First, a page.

Republican, Democratic lawmakers urge fully funding US assistance to Israel

Republican, Democratic lawmakers urge fully funding US assistance to Israel
© Greg Nash

An overwhelming majority of House lawmakers are urging the House Appropriations Committee to fully fund U.S. assistance to Israel amid debate over the fiscal 2022 budget and pushback from progressive Democrats.

Rep. Ted DeutchTheodore (Ted) Eliot DeutchDemocrats fume over silence from DeSantis on Florida election Republican, Democratic lawmakers urge fully funding US assistance to Israel For a win on climate, let's put our best player in the game MORE (D-Fla.), ranking member of the House Foreign Affairs subcommittee on the Middle East, and Rep. Michael McCaulMichael Thomas McCaulSenate Intelligence panel working on legislation around mandatory cyber breach notification McCarthy unveils House GOP task forces, chairs Republican, Democratic lawmakers urge fully funding US assistance to Israel MORE (R-Texas), the top Republican on the House Foreign Affairs committee, led 328 lawmakers in a letter Thursday to the Democratic and Republican leaders of the Appropriations Committee, chair Rosa DeLauroRosa DeLauroBattle lines drawn over Biden's support for vaccine waivers On The Money: Weekly jobless claims fall to 498K, hitting new post-lockdown low | House to advance appropriations bills in June, July House to advance appropriations bills in June, July MORE (D-Conn.) and ranking member Kay GrangerNorvell (Kay) Kay GrangerRepublican, Democratic lawmakers urge fully funding US assistance to Israel The Hill's Morning Report - Presented by Facebook - All US adults can get vaccine; decision Friday on J&J vax Biden to hold second meeting with bipartisan lawmakers on infrastructure MORE (R-Texas). 

They urged the leaders to fully fund the $3.8 billion in annual security assistance to Israel that was authorized in 2016 as part of a 10-year memorandum of understanding between then-President Obama and Israeli Prime Minister Benjamin NetanyahuBenjamin (Bibi) NetanyahuMORE.


That funding was codified into federal law in 2020 as part of the National Defense Authorization Act, titled the U.S.-Israel Security Assistance Authorization Act (UISAAA).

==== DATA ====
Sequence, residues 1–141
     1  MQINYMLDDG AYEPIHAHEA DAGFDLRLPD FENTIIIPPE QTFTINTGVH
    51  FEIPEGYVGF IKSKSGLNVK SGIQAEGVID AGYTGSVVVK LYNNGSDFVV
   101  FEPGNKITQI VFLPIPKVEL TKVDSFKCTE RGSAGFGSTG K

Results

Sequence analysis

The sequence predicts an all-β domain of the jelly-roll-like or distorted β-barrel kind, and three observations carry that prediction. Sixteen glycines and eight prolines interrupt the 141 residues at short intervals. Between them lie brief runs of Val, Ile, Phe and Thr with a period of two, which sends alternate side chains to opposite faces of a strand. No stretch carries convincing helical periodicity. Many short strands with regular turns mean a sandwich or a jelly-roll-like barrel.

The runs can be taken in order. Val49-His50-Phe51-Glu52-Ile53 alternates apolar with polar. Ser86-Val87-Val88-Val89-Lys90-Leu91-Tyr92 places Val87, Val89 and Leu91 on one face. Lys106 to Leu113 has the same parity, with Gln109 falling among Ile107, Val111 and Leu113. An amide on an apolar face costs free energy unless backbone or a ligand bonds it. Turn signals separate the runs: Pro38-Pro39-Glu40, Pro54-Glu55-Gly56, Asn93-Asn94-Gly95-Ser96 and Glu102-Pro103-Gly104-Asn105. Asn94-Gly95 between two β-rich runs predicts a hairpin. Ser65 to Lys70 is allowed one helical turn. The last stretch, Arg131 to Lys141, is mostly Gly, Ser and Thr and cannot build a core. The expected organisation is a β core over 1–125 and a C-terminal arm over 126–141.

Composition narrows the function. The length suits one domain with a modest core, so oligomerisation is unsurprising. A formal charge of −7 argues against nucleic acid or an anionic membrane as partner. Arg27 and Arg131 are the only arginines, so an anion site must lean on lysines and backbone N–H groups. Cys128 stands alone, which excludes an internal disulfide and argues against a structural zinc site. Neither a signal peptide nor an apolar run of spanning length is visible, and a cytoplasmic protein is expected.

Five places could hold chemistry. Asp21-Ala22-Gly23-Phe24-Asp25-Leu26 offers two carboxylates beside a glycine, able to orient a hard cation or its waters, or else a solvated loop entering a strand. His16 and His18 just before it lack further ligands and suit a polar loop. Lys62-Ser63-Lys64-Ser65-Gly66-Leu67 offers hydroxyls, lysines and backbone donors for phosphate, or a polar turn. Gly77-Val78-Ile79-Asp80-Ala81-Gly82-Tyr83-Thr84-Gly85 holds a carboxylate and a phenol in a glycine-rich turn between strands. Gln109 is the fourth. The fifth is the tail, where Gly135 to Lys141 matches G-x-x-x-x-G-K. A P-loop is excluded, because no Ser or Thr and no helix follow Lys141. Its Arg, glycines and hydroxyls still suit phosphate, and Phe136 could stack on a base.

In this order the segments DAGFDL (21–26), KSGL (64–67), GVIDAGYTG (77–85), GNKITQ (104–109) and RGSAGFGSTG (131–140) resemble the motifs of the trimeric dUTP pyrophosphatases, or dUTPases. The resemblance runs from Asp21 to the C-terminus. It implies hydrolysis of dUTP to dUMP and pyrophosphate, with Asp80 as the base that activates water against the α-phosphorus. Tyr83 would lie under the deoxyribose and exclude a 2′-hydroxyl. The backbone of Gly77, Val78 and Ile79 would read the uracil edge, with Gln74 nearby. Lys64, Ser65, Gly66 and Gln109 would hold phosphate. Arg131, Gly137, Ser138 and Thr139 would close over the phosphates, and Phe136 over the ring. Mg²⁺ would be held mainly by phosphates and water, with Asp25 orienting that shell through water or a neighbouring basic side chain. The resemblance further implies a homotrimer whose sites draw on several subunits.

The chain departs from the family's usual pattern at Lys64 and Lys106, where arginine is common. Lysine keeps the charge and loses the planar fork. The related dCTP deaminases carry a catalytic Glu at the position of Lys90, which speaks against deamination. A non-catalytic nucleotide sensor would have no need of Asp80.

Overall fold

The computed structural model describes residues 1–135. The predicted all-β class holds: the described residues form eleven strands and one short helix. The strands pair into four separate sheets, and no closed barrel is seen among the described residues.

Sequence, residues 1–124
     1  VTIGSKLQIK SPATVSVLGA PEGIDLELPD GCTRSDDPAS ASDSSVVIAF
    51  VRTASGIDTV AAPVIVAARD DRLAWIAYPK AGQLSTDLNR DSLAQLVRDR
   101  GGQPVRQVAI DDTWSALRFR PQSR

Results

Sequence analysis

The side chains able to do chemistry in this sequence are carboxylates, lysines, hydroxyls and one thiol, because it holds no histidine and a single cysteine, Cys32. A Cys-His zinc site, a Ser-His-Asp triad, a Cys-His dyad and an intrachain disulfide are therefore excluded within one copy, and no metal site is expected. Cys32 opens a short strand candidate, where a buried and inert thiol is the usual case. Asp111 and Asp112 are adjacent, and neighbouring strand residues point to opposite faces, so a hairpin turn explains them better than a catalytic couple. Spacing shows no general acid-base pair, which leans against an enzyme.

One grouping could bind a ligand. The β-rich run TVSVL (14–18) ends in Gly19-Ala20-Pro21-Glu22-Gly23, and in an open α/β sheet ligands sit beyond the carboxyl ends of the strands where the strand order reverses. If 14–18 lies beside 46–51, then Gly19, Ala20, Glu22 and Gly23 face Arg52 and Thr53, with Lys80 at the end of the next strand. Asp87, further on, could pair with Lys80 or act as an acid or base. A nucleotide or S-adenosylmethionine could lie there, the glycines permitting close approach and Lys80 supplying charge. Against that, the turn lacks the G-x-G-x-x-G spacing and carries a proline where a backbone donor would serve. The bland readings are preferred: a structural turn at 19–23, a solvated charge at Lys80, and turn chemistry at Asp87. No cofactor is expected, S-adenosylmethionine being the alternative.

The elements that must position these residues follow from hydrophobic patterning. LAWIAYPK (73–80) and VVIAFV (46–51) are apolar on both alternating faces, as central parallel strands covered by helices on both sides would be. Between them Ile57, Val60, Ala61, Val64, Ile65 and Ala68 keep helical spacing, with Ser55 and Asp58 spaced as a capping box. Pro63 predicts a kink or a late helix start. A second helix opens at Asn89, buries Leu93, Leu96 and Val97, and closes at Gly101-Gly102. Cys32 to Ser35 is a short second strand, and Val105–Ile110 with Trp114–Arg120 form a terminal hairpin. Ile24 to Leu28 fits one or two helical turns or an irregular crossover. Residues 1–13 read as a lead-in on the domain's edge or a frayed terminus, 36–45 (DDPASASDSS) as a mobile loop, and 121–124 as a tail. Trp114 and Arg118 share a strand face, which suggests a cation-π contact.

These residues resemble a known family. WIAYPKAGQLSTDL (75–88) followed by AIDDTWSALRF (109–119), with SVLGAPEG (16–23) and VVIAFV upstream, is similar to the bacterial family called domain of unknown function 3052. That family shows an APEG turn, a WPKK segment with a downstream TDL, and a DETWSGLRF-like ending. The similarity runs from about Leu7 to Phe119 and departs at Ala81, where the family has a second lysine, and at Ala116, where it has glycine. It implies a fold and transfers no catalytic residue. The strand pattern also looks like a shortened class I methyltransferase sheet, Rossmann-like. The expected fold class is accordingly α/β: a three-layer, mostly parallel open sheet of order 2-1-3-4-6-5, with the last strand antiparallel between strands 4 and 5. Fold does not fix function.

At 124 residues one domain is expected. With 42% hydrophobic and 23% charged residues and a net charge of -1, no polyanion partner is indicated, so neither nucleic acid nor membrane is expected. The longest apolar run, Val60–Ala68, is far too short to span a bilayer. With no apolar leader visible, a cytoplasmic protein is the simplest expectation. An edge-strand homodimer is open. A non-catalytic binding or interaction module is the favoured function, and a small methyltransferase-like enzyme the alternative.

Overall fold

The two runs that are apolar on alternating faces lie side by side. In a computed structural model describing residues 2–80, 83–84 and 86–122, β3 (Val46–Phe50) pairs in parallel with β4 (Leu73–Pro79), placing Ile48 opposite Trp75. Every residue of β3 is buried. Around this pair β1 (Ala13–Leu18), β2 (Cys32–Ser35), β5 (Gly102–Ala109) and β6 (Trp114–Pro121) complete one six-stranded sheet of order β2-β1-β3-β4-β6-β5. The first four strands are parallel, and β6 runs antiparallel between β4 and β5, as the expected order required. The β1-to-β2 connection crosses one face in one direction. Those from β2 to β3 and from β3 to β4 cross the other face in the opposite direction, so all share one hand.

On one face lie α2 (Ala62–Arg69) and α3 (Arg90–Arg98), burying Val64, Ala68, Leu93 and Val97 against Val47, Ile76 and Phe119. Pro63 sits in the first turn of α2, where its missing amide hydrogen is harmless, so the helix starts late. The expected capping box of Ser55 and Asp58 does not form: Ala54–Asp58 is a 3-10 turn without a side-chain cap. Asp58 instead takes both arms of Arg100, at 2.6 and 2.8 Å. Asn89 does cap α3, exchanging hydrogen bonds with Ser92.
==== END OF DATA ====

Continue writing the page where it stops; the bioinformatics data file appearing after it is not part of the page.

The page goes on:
Deutch and McCaul said in their letter that assistance to Israel is in the U.S. national security interest. 

“Congress is committed to maintaining Israel’s qualitative military edge and its ability to defend itself, by itself, against persistent threats. Our aid to Israel is a vital and cost-effective expenditure which advances important U.S. national security interests in a highly challenging region,” the lawmakers wrote. 

“For decades, Presidents of both parties have understood the strategic importance of providing Israel with security assistance,” they continued.   

Progressive Democrats are pushing for more oversight on U.S. security assistance to Israel.


Rep. Betty McCollumBetty Louise McCollumTop general: Defense officials nearing plan for Space National Guard Republican, Democratic lawmakers urge fully funding US assistance to Israel Progressive lawmaker to introduce bill seeking more oversight of Israel assistance MORE (D-Minn.), chair of the House Appropriations Subcommittee on Defense, introduced legislation last week that would prohibit U.S. assistance to Israel from being used in the detention of Palestinian children in the West Bank, destruction of Palestinian homes and property or to support annexation of Palestinian territory.

Deutch and McCaul acknowledged lawmakers' issues with some decisions made by the Israeli government, but underscored President BidenJoe BidenSanders: Reinstating SALT deduction 'sends a terrible, terrible message' GOP braces for wild week with momentous vote Shining a light on COINTELPRO's dangerous legacy MORE’s commitment to providing security assistance without conditions. 

“We recognize that not every Member of Congress will agree with every policy decision of every Israeli government," they wrote. 

"However as President Biden has stated, ‘I’m not going to place conditions for the security assistance given the serious threats that Israel is facing, and this would be, I think, irresponsible.’ Reducing funding or adding conditions on security assistance would be detrimental to Israel’s ability to defend itself against all threats. We urge you to fulfill our commitments as agreed to in the 2016 MOU as codified by the UISAAA, and in accordance with all U.S. laws.”

Biden included a request to fully fund “U.S. commitments to key allies in the Middle East, including Israel and Jordan” in his discretionary budget proposal for fiscal 2022. 

The House Appropriations Committee is currently undertaking budget review hearings as it considers the budget proposal for 2022. 

Updated at 12:31 p.m.